Rapper Takeoff was shot and killed outside a Houston bowling alley on Friday, according to authorities. A 33-year-old man was detained on a murder charge in connection with the killing.
According to Houston Police Chief Troy Finner, Patrick Xavier Clark was taken into custody calmly on Thursday evening. One day after another guy was charged in relation to the shooting on November 1 that left two other people injured, Clark was apprehended. According to the authorities, the shooting was the result of an argument over a game of dice.
In detention on Friday while awaiting a bond hearing was Clark. According to court documents, he was detained as he was getting ready to depart the nation for Mexico, but they do not mention an attorney who could speak for him.
Takeoff, who was born Kirsnick Khari Ball, was the youngest member of the Grammy-nominated rap group Migos, which also included his uncle Quavo and cousin Offset.
Nearly 30 people were leaving a private party when the 28-year-old singer was shot outside the downtown bowling alley at around 2:30 a.m., according to police. According to the police, at least two people opened fire, inflicting non-life-threatening wounds on a man and a woman.
Police Sgt. Michael Burrow claimed at a news conference on Friday that Takeoff was “an innocent bystander” and that the firing was the result of an argument over a “lucrative” game of dice. Whether Clark was invited to the party or whether he knew Takeoff is unknown to the police, according to Finner.
According to Burrow, no one who was present spoke to the police before leaving. According to Burrow, some of those individuals have subsequently been discovered by the authorities, who have also sought to reconstruct events using ballistics, video, and audio records. He claimed that detectives are still looking for potential witnesses.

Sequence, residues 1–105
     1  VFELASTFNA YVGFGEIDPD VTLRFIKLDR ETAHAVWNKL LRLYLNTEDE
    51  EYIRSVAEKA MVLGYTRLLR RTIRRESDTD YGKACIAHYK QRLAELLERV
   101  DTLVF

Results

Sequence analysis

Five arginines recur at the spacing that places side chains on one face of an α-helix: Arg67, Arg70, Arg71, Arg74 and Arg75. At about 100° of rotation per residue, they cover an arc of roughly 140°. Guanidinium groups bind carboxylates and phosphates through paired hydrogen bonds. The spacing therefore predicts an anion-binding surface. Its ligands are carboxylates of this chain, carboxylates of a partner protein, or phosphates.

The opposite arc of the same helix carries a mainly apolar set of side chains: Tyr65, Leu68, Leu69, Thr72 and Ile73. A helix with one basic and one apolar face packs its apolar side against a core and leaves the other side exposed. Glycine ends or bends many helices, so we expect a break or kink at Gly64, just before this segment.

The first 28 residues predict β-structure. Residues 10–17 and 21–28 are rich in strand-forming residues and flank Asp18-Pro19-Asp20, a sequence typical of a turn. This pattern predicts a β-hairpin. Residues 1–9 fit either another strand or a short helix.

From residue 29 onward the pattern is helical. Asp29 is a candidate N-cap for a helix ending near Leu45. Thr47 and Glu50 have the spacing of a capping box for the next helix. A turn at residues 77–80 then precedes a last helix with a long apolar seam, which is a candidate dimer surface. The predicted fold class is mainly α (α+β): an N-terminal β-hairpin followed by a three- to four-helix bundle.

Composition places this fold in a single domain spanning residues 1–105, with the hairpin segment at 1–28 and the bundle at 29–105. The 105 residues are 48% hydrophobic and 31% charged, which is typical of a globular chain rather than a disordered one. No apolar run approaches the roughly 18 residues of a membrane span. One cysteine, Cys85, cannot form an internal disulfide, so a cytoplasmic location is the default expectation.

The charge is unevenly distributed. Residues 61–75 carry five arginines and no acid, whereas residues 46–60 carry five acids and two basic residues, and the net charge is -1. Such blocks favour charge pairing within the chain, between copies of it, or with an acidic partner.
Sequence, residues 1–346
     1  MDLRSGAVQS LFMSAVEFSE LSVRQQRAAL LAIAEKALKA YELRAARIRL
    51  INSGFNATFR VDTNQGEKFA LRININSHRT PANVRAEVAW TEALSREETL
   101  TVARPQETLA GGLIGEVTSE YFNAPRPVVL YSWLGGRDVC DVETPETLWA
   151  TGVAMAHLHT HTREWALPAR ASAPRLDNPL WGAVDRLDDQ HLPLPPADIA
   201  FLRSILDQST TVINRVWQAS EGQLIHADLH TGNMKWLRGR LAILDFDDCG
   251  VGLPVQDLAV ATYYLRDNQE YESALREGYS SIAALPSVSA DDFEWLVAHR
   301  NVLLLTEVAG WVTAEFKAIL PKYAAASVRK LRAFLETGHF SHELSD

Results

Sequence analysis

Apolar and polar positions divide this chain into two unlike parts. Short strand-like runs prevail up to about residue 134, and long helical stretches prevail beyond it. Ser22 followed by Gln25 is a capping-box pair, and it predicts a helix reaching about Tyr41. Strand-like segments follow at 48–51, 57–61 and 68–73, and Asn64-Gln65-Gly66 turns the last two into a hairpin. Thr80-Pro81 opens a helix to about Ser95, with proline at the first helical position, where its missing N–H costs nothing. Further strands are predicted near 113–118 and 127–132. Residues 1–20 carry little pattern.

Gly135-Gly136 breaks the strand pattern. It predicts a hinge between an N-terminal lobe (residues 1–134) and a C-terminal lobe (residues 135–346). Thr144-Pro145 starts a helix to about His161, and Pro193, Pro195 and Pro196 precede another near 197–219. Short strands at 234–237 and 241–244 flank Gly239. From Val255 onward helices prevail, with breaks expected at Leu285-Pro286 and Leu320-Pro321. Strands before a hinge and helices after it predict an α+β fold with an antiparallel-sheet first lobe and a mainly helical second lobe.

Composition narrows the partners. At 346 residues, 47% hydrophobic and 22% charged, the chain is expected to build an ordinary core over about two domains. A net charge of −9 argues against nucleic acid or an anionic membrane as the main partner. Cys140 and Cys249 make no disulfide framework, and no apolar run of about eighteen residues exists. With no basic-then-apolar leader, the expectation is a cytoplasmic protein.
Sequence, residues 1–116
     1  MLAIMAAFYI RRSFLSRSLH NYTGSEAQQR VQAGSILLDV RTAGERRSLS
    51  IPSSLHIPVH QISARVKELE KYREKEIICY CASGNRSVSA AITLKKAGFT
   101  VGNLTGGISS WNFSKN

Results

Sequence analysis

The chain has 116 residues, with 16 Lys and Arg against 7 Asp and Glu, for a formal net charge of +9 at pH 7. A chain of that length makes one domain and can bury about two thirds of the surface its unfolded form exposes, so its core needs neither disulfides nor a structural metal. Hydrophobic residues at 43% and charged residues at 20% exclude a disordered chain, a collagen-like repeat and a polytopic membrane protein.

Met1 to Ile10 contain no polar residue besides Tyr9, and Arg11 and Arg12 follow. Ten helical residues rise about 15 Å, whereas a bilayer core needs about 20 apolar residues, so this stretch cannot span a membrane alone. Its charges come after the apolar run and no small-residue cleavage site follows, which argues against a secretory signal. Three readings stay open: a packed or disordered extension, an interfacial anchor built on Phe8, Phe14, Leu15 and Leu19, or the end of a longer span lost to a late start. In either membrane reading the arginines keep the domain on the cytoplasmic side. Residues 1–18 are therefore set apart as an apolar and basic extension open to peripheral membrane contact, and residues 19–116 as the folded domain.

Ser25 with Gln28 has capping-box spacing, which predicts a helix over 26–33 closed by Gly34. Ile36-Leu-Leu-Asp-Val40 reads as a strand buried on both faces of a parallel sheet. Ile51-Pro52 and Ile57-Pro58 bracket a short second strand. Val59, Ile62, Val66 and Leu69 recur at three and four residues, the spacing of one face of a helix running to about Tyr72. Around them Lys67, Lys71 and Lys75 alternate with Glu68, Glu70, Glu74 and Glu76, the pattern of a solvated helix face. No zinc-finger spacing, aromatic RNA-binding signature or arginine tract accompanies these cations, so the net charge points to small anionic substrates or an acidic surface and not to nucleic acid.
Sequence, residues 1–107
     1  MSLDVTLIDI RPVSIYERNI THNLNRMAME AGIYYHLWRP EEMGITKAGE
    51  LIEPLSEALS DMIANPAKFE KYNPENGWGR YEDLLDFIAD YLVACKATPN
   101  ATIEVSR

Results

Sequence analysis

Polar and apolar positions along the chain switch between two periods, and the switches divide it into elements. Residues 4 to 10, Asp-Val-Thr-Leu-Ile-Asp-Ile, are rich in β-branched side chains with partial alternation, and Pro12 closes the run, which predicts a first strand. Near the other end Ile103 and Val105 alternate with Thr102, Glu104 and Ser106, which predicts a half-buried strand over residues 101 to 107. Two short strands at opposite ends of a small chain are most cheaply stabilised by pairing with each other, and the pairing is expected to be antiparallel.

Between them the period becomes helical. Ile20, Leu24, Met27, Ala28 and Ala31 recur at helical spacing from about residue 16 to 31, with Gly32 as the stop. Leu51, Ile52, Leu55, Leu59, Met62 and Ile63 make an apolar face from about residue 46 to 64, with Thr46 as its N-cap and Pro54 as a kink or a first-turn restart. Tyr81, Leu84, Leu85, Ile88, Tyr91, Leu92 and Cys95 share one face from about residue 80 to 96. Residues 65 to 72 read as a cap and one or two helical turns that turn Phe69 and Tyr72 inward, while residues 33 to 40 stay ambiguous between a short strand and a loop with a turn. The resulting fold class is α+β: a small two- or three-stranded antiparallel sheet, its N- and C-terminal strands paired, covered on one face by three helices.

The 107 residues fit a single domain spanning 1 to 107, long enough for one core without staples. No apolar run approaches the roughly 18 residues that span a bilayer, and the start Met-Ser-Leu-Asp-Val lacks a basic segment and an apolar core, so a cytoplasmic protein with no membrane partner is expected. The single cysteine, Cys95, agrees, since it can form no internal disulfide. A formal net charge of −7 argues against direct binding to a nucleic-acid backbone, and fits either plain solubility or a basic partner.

He said, “We’ll be trying to find you.” “If you come to find us, it will be simpler.”
Authorities announced Cameron Joshua’s arrest in relation to the shooting on Wednesday. Joshua was accused of illegally possessing a gun at the moment Takeoff was shot, although the 22-year-old is not thought to have fired the weapon, according to the prosecution. Joshua’s lawyer, Christopher Downey, told reporters that he has not seen any evidence to imply that his client was responsible for the murder of Takeoff.
According to Burrow, the rapper was murdered by what authorities suspect to have been Clark’s bullets.
BREAKING: Police have arrested 33-year-old Patrick Xavier Clark in the fatal shooting of Migos rapper Takeoff, who was killed last month outside a bowling alley in Houston. https://t.co/AHhfCjZcNA
— The Associated Press (@AP) December 2, 2022
In order to prevent Clark from fleeing, prosecutors requested a judge to set his bond at $1 million on Friday. According to court documents, Clark requested an expedited passport following the shooting of Takeoff by presenting the schedule for an “imminent” journey to Mexico. They claim he was in possession of a “substantial sum” of cash when he was detained on the day he acquired the passport.
At a funeral gathering last month in Atlanta, fans and other performers—among them Drake and Justin Bieber—celebrated Takeoff’s musical legacy.
In a statement on Instagram, Quality Control, the record company for Migos, expressed sorrow for Takeoff’s passing and blamed it on “senseless violence.”
In 2013, Migos made their breakthrough with the huge smash “Versace.” Takeoff was not featured on their multi-week No. 1 single “Bad and Boujee,” which featured Lil Uzi Vert, but they still had four Top 10 hits on the Billboard Hot 100. They released a “Culture” trilogy of albums.
Takeoff never put out a solo album, but he and Quavo released “Only Built for Infinity Links” just before he passed away. Takeoff said on the “Drink Champs” podcast, “It’s time to give me my roses,” expressing his hope that the collaborative album would increase respect for his poetic skills.
Takeoff’s voice was once more audible as news of Clark’s arrest broke on Friday. Takeoff and A$AP Rocky appeared on the song “Feel The Fiyaaah” from Metro Boomin’s “Heroes and Villains” album, which was released that day.
It’s calm right now in the streets, he sang.
Reporting from Dallas was Bleiberg. New York-based Associated Press journalist Mallika Sen provided additional reporting.